Lewis Carroll, A Lesson in Latin
Our Latin books, in motley row,
Invite us to our task
Gay Horace, stately Cicero:
Yet there's one verb, when once we know,
No higher skill we ask:
This ranks all other lore above
We've learned "'Amare' means 'to love'!"
So, hour by hour, from flower to flower,
We sip the sweets of Life:
Till, all too soon, the clouds arise,
And flaming cheeks and flashing eyes
Proclaim the dawn of strife:
With half a smile and half a sigh,
"Amare! Bitter One!" we cry.
Last night we owned, with looks forlorn,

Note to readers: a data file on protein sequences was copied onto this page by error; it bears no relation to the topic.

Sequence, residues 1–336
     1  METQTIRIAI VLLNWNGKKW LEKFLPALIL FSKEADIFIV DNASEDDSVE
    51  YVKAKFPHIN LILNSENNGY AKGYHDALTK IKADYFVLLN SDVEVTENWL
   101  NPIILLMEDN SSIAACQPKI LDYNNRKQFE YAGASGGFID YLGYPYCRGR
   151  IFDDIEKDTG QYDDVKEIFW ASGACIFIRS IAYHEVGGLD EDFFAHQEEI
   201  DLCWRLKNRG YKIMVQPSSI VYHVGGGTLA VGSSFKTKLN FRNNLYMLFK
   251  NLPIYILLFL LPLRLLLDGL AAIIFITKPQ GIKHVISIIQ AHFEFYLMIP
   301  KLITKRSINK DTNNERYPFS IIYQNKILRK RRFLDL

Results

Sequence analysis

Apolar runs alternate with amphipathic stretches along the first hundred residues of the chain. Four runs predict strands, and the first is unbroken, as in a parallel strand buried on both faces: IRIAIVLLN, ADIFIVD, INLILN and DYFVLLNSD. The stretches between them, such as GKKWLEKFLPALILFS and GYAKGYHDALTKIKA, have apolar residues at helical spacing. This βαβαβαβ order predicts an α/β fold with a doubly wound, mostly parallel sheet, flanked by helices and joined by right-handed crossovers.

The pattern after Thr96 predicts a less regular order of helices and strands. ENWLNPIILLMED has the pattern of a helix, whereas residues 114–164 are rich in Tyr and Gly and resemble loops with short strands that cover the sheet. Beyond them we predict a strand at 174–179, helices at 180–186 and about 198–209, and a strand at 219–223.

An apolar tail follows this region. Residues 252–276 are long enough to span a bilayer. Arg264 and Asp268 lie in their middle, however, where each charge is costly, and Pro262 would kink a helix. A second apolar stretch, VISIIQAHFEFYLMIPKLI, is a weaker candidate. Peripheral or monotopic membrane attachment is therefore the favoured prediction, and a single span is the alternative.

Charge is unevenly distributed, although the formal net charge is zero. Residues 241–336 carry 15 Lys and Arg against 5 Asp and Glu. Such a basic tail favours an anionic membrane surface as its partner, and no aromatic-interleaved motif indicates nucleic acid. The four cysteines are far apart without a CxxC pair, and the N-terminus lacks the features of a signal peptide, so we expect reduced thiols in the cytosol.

"Too well the scholar knows
There is no rose without a thorn"
But peace is made! We sing, this morn,
"No thorn without a rose!"
Our Latin lesson is complete:
We've learned that Love is Bitter-Sweet!
In Latin, amare
can be both present active infinitive of the verb amo
(I love) and vocative masculine singular of the adjective amarus